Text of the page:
Cinema Scandinavia: This year we saw you in the American film Autumn Lights. What was it like working with the American director and lead actor?
Sveinn Ólafur Gunnarsson: It was interesting to act in English for the first time. The challenge was to get the expression away from the analytical brain process of understanding a foreign language and into the emotional heart of a scene, especially when my emotional heart speaks Icelandic. My method was to translate each sentence into Icelandic and then realise how I’d interpret the feeling, nuance rhythm and so on. I then literally walked the feeling down into my bod. I walked the flood and tramped while I moved through the text to embody the feeling. When it came to acting in front of the camera, I had an emotional and physical place to go without the language shortcut that we rely on when using our native tongue.
It was great to get to know Guy, the actor, and Angath, the director. We come from completely different worlds. Their world is California, they are both well-educated and well versed in film history, but American Hollywood standards are different than what we are used to in Iceland. It’s interesting and challenging to experience both. I love to act in films and I prefer a natural style of acting, whereas in theatre I am usually involved in avant-garde and experimental productions where acting bows to completely different laws.
CS: You are also in Heartstone. What do you think has made this film so special and successful at film festivals?
SÓG: While I have not seen it yet, it’s premiering here in Iceland at Christmas and it’s safe to say I am very excited to see it. From our first script reading I was confident that this would be a great film. I have seen and appreciated Guðmundur Arnar Guðmundsson’s earlier work, and I also know and respect the work of Sturla Brandth Grøvlen, the cinematographer, in fact we worked together in Rams. The casting was brilliant, especially with regards to the kids’ roles. Most importantly, the script was fascinating and written with respect and knowledge of the life in an Icelandic fishing village and what rural life is like for teenagers.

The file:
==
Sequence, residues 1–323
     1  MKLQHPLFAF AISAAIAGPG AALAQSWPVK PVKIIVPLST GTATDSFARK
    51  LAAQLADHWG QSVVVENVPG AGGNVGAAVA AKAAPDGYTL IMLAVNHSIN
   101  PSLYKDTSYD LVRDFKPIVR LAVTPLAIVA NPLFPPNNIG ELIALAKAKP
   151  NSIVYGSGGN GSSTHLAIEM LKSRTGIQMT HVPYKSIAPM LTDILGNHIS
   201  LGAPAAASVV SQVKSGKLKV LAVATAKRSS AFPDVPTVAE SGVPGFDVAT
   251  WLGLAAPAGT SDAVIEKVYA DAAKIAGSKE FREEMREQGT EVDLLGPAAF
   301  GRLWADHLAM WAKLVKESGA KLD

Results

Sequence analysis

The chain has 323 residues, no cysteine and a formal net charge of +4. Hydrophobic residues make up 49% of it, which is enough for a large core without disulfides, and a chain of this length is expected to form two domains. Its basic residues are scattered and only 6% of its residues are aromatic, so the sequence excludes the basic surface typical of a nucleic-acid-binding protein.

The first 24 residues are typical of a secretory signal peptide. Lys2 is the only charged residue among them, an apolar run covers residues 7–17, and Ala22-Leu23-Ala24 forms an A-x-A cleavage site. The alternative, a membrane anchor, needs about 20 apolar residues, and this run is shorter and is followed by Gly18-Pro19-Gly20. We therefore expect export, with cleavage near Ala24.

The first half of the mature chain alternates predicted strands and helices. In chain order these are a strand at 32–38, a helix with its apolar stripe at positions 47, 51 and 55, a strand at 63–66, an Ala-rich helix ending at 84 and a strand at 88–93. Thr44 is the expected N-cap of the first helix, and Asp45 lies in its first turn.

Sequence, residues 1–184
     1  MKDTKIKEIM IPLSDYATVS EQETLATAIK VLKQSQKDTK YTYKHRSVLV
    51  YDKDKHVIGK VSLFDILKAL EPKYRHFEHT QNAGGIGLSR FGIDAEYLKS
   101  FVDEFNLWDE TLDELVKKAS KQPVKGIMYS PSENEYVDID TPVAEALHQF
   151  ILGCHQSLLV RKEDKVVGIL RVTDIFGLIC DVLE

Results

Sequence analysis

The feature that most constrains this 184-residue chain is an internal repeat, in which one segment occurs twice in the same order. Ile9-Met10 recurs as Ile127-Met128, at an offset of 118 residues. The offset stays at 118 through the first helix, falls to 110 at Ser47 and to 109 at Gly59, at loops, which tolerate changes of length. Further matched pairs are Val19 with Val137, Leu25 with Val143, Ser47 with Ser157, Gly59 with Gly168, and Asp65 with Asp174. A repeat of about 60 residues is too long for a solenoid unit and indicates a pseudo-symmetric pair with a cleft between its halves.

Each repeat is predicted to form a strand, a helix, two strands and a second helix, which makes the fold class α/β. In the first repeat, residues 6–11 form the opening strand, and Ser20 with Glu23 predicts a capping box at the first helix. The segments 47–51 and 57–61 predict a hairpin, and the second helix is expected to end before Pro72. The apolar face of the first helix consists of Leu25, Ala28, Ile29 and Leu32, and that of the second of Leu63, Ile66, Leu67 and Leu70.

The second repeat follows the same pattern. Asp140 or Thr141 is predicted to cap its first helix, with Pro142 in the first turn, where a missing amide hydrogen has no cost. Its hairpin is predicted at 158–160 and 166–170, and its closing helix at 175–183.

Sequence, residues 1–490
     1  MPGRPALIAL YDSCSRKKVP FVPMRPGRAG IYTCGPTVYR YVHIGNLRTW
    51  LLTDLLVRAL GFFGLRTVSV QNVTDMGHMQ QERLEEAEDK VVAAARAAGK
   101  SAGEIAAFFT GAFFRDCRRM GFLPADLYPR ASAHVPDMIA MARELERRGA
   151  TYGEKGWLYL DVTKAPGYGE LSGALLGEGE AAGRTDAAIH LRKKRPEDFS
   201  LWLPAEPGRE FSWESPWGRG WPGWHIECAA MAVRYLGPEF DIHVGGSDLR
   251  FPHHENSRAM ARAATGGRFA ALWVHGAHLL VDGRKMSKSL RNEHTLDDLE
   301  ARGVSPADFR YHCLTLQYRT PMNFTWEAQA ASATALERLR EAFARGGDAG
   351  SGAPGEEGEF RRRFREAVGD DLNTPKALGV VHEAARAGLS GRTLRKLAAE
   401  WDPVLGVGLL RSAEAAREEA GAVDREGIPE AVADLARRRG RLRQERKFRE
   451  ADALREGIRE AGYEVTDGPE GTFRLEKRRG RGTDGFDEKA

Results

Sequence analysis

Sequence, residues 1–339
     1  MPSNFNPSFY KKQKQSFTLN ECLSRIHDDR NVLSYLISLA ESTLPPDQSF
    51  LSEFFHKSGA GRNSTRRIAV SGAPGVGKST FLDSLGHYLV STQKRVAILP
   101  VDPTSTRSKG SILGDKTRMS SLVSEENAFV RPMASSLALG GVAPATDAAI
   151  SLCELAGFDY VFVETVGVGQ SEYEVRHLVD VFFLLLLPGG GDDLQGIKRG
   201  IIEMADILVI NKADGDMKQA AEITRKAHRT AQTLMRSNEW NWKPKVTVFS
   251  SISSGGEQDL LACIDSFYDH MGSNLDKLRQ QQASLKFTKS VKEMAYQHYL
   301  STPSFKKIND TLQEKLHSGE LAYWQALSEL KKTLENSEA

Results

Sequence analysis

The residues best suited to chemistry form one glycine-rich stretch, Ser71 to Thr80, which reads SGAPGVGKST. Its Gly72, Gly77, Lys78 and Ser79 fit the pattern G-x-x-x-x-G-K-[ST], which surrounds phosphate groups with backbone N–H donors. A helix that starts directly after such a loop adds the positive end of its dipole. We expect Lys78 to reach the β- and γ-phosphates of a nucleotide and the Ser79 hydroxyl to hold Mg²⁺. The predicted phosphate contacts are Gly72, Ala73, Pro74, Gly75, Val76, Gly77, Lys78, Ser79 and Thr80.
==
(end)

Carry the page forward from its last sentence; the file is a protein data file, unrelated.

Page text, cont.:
To sum it up, the ingredients were all these to make this film special. Also on a personal note, my grandmother was born in the magical village of Borgarfjörður Eystri, where filming took place. So, it has a special place in my heart.
CS: What are your thoughts on the current Icelandic film industry, especially considering the success abroad?
SÓG: When young screenwriters and directors tend to make a film in Iceland, they have to make a choice whether to make a film they intend to sell at the home market, aka the local box office, or an arthouse film that is almost certainly a fail at the box office but has the possibility of fame abroad.
The Icelandic landscape lends itself perfectly to the screen; it is so diverse and magnificent, dramatic and empty. Sometimes it becomes a strong influence and can even act as a character in the film.
This remote island community in the North Atlantic sparks curiosity and people are interested in the stories we have to tell. We stand on the verge of two worlds, America and Europe, just south of the North Pole. As an industry, we’ve been taking giant steps in the last 10-15 years and it’s all coming along nicely.
CS: What has been your favourite Nordic film this year?
SÓG: Rams. It’s a big story about a small community. I like it because it’s such a strong story and resonated deeply. It’s a film about two estrange brothers who are sheep farmers. Their farms are on the same land but they don’t speak to each other. The films visual narrative is of such good quality, and the story unfolds without many words. Unlike many films of this type, it was an intense experience throughout.
CS: Where can we see you next year?
SÓG: My next role is in a rather large film production, at least by Icelandic film standards. I’m also acting in a television series as well but, as always in this business, I can’t share the details just yet.
There is a new and exciting television series premiering on the first of January called Prisoners. It takes place in a women’s correctional facility. It’s directed by Ragnar Bragason, who I worked with on the film Metalhead. I played a small role in the series, but regardless of my participation, I am very excited to see the series – it looks so promising!
Prisoners will be shown on all the Nordic national television services: DR in Denmark, NRK in Norway, SVT in Sweden and YLE in Finland.